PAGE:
Controversy Raging over Planned ‘Annexation’

The controversy over Israel’s plan to extend its sovereignty over Jewish settlements and parts of the Jordan valley is raging this week. Almost 50 people from the United Nations, described as ‘human rights experts’, have condemned Israel’s plan to annex parts of the disputed territory, widely known as ‘The West Bank’, claiming that the plan is a “vision of a 21st Century apartheid.”

Last week Russia joined the set of countries warning Israel not to go ahead with the plan; their ambassador to Israel saying:

“We believe that the realization of intentions to apply Israeli sovereignty to parts of the West Bank
would be a very dangerous development … and provoke a new round of violence.”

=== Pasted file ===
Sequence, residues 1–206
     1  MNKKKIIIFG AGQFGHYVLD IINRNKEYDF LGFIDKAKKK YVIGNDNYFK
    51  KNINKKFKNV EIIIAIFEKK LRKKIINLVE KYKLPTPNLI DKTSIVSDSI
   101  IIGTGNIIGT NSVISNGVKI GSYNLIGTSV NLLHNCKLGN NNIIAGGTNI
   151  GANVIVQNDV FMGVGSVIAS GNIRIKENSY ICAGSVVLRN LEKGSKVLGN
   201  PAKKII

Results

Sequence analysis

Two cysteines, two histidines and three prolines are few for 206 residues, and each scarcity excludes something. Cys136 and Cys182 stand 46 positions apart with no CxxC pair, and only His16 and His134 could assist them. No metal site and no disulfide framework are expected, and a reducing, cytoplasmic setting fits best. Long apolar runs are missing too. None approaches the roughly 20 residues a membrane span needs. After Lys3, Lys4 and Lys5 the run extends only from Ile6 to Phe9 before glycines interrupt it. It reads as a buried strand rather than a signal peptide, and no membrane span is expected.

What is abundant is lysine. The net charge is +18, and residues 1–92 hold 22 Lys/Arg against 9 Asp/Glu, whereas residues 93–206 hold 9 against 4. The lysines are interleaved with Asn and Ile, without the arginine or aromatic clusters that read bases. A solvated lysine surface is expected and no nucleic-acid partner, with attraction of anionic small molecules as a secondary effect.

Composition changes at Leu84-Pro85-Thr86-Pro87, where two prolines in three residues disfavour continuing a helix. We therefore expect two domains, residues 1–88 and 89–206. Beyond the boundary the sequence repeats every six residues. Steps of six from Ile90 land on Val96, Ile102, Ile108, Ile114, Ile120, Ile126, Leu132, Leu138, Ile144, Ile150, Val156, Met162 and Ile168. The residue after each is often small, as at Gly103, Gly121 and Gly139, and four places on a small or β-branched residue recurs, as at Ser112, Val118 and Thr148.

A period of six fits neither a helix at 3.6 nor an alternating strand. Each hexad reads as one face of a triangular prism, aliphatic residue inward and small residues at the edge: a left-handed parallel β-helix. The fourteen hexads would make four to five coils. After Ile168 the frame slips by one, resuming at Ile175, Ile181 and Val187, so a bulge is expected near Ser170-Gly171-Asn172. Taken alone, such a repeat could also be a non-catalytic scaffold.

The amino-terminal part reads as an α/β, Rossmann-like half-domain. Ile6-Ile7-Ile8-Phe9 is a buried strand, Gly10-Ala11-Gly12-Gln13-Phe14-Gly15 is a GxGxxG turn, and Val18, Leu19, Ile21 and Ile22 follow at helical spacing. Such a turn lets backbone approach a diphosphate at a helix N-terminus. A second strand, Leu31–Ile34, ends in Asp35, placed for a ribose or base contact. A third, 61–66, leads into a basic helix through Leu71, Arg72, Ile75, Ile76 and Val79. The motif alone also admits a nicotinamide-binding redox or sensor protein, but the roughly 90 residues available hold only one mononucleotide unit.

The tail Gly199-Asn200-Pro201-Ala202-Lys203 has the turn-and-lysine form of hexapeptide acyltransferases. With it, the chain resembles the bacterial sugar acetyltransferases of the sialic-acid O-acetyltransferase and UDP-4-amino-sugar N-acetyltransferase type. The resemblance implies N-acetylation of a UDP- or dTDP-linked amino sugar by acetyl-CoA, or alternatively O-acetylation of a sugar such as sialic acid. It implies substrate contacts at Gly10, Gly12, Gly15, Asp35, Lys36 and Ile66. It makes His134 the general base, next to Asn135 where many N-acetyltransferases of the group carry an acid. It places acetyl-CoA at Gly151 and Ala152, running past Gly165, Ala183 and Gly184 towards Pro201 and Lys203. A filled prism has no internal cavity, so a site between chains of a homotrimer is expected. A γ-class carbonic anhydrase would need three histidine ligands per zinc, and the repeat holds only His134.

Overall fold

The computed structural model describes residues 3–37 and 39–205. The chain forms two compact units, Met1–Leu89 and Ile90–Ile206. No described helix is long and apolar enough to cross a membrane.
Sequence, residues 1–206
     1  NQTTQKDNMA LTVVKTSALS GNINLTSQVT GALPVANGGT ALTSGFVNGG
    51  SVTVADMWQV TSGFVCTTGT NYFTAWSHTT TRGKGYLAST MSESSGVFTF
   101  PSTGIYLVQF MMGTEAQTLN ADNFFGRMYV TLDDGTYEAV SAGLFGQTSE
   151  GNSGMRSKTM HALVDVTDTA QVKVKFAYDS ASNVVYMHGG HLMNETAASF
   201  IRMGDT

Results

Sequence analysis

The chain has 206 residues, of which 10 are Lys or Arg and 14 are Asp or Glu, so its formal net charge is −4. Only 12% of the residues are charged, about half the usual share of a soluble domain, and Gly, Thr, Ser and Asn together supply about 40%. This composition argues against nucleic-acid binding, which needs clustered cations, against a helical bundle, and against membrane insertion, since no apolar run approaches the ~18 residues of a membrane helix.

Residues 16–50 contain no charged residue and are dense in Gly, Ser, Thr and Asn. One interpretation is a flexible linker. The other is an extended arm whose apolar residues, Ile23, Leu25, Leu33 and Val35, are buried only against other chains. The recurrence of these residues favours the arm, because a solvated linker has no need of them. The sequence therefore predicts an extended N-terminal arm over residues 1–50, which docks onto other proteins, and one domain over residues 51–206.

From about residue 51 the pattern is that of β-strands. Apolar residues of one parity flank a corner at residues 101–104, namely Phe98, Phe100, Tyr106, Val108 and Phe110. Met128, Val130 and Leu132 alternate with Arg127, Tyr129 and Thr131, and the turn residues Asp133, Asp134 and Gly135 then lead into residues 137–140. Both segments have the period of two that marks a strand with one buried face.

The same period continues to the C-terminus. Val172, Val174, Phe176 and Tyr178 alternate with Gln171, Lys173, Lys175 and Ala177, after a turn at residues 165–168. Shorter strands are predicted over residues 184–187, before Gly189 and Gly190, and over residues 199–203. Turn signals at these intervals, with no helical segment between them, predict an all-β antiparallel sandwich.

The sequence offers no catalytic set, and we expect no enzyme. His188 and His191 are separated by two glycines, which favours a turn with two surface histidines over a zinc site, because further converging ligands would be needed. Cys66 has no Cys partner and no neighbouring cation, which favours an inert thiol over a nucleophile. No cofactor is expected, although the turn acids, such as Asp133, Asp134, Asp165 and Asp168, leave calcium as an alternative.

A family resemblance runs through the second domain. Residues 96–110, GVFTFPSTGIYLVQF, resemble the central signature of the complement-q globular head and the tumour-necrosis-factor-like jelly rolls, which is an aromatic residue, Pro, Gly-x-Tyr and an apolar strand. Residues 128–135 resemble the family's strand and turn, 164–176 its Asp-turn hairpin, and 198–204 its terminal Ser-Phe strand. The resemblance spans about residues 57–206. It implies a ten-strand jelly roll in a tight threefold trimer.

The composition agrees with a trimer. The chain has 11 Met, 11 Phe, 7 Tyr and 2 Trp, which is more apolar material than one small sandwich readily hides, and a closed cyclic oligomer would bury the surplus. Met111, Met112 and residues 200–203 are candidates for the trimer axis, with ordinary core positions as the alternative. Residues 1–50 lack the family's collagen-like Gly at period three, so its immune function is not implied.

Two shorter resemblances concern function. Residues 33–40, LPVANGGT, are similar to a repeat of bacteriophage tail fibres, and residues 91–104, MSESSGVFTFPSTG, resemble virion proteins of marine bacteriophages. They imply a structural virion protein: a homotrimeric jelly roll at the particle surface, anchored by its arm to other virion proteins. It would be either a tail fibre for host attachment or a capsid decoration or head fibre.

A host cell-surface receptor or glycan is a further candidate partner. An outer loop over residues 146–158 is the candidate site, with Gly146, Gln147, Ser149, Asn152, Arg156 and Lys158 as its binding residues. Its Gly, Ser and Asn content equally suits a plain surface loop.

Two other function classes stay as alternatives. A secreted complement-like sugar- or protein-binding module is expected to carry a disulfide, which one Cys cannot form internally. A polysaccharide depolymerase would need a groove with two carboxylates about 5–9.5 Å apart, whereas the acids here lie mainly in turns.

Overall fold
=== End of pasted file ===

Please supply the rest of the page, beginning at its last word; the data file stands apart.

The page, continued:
And today, a new poll is reported to show that most Canadians want their government to oppose Israel’s plan, at a time when Canada is bidding for a seat on the United Nations Security Council. The poll indicated that three out of four Canadians want their government to express opposition to Israel’s plan, while 42 percent are in favour of economic or diplomatic sanctions against Israel.

But few people seem to be aware of the facts of the situation. There are many claims that Israel gained control over the territory by armed aggression. But a review of events that led to the change of control in 1967 shows those claims to be false.

And a senior United Arab Emirates official indicated that his country’s opposition to the annexation plan should not hinder his country’s efforts to build a stronger relationship with Israel, saying:

“Can I have a political disagreement with Israel but at the same time try and bridge other
areas of the relationship? I think I can. I think that is fundamentally where we are.”